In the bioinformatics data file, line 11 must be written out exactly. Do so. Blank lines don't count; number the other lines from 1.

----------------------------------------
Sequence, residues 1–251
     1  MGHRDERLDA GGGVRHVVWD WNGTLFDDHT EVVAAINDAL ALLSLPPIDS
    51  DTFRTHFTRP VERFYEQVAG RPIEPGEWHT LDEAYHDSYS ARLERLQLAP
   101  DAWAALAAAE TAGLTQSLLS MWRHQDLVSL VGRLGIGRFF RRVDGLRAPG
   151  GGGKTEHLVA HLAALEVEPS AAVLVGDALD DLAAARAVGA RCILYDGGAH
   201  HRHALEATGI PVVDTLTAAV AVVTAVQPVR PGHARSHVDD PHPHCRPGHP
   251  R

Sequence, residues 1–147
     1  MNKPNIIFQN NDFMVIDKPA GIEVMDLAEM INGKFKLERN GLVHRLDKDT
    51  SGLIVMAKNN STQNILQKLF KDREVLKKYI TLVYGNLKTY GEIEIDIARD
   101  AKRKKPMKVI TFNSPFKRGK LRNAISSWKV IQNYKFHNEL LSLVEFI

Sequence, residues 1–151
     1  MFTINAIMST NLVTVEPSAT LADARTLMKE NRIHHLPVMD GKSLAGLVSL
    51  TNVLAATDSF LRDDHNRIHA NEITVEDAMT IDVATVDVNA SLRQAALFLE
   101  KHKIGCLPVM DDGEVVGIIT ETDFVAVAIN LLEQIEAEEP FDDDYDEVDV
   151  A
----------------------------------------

   101  AKRKKPMKVI TFNSPFKRGK LRNAISSWKV IQNYKFHNEL LSLVEFI